Interview by Ellanora Lerner
This piece is part of a three-part interview. Click the links below to read more.
This is an interview with Destiny Harris (she/her, they/them, anything said with love and respect). Destiny is a Black queer artist and organizer from the westside of Chicago and a student at Howard University. You can find Destiny on Instagram @whole.hearted.hoodlum and selling handmade wire earrings and loc jewelry @dipsandcoils.
This interview has been lightly edited for clarity.
Ellanora: Thank you for talking to me today. So, to start off, can you tell me about your business and why you started it?
Destiny: So, I consider myself a little fashionista, or whatever (laughs). I love clothing, it's my favorite thing to do. I’m a big fan of monochrome and 90s aesthetic, and also streetwear and like, ‘little kid’ aesthetic. I dress up no matter where I’m going. If I’m going to the corner store, I’m in the bathroom trying to color coordinate something.
Accessories are a big part of my outfits, earrings are the accessories I wear the most. Oddly enough, I’m allergic to nickel, so I would always see really cute earrings and I’m like, ok I want to wear these but then they would break my ears out. I can only keep them in my ears for enough time to take a picture (laughs) and then I have to take them out.
I was in AP 3-D art class my senior year of high school and one of our assignments for our portfolio was to make something wearable and I was like - I want to make some earrings, because again that’s like the accessory I wear the most. In my art studio we had a miscellaneous closet that I would always go to to find inspiration for the assignments. So, I just went into the miscellaneous closet and I found this large ass role of wire and I was like I’m gonna make some earrings out of this (laughs). And I was like I have no idea how I’m gonna do it though because the wire was so, like, you had to use all your back strength just to bend the wire.
It was also last minute. It was like the week before the AP exam and I was like oh my gosh I’m so behind, I’ve just got to pump something out at this point. So, I made some earrings and it looked horrible, and they were entirely too heavy. But I got a friend who was my model for all of my pieces to model them for me and I took pictures of it. And that was that.
My art teacher was like, “I know you really rushed, but I bet if you got a better gauge of wire and sharpened it people would be interested in buying the earrings”. And I was like hmmm, would I wear these? Probably not (laughs) - because they were so ugly. But my friend made them look a lot better than they actually were when she modeled them. So, I ran a poll on my ig, and I asked folks like, hey if I made these look actually cute, would you be interested in buying them? And a lot of folks were like, yeah, these are cool, they’re different, they’re unique.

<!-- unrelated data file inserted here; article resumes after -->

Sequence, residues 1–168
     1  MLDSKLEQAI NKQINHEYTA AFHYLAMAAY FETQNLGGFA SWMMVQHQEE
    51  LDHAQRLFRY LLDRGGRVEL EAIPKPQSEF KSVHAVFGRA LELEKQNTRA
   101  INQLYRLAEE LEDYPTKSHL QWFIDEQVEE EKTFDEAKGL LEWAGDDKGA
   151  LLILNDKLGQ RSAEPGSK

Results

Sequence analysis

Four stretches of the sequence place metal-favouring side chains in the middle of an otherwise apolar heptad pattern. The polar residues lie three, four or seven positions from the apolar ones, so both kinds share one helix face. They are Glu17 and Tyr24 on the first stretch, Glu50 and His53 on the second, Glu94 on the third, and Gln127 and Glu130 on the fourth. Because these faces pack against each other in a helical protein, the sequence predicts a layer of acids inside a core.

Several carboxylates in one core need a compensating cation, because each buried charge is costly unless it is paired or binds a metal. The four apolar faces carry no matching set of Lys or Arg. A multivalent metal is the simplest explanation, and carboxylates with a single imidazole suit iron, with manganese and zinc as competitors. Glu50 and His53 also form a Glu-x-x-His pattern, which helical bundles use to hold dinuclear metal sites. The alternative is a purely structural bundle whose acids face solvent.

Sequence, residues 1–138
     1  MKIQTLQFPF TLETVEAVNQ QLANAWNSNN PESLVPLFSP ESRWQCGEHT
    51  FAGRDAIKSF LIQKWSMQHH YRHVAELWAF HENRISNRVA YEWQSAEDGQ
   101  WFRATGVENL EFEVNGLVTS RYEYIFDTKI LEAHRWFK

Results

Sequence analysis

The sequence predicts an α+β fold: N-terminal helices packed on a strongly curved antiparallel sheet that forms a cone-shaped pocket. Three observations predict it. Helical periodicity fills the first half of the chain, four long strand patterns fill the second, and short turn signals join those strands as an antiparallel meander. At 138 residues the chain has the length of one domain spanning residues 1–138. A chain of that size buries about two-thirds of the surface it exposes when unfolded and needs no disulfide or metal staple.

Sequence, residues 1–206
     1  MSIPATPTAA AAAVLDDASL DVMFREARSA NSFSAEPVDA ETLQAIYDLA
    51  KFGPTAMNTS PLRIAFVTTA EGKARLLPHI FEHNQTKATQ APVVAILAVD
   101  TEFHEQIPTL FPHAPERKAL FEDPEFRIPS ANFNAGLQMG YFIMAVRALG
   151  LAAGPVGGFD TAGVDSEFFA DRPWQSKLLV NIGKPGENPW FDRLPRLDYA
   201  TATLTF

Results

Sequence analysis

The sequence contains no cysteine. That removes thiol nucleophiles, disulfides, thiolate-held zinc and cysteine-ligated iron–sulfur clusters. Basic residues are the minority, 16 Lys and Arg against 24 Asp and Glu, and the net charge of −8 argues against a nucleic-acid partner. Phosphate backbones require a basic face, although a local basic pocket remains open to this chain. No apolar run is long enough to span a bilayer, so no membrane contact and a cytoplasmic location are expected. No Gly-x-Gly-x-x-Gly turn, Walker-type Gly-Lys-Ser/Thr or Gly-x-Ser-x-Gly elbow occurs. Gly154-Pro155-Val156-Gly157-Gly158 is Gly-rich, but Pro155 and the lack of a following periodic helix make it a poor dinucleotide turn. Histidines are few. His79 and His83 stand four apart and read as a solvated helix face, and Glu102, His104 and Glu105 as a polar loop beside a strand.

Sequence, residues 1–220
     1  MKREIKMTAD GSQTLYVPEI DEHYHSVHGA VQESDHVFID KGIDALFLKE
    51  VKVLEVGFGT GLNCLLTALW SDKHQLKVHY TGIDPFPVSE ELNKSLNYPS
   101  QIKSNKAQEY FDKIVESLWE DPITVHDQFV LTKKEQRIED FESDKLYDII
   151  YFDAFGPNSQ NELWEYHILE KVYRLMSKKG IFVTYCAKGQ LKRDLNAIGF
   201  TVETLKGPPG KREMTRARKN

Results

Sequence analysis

And so, I didn’t do nothing with them for like, a month and then I was like, you know what let me try and make these earrings. I found some more wire that was better, and I started making them. Most of my costumers were people in my high school, so I would go around school and there would be people walking around the halls with them.
And then, after I graduated high school I was like, ok, that was nice while it lasted. And I didn’t do anything for the first four months I was in DC [at college] and then in December, I was like maybe I should go back to this (laughs), maybe this is something I should do. So, I made an Instagram page, didn’t do nothing with it again (laughs). I made a couple posts, vendored at a show, and then I didn’t do nothing with it until March [of 2020]. March is when I actually decided that I was gonna use it and be committed.
So, there was a lot of on and off and on and off and on and off but that’s how I got into it.
Ellanora: Do you see this business as tied in with the community organizing that you do?
Destiny: So, I’m an artist and poetry is my main thing. I’ve been writing since I was in third grade, been performing competitively since I was in fifth grade. So, art came into my life way before organizing did. I didn’t get into community organizing until like my freshman year of high school. But the reason I got involved with community organizing was because most of my art was political, about my experiences. Like what does it mean to be a Black, queer, poor - you know, all that stuff. That was the bulk of what my writing was about and so I was like wow community organizing, not only can I like express my fears but I can really work to fix systems of oppression.
As I first got into community organizing, I realized that art and organizing are inseparable. Art is a very important part of movements and in our art we organize when we’re speaking to our experiences.
When I got into earring making, weirdly enough, I didn’t consider it art. People would be like, oh my gosh I love your art. And I would be like, eh is this art? (laughs) In enough time I guess I realized that it is.
I didn’t think that jewelry making would become political, but I guess it kinda was inevitable. Like, I hate capitalism and I’m working against all these other things organizing and obviously, my audience is predominantly Black and predominantly queer.
Again, I know that art and organizing are inseparable, it was just a matter of me realizing that jewelry making is a form of art. And a radical form of art if I might add. I didn’t come into this with the intention of this being political but with my personality and my organizing and my other art, it was kinda inevitable that it did occur.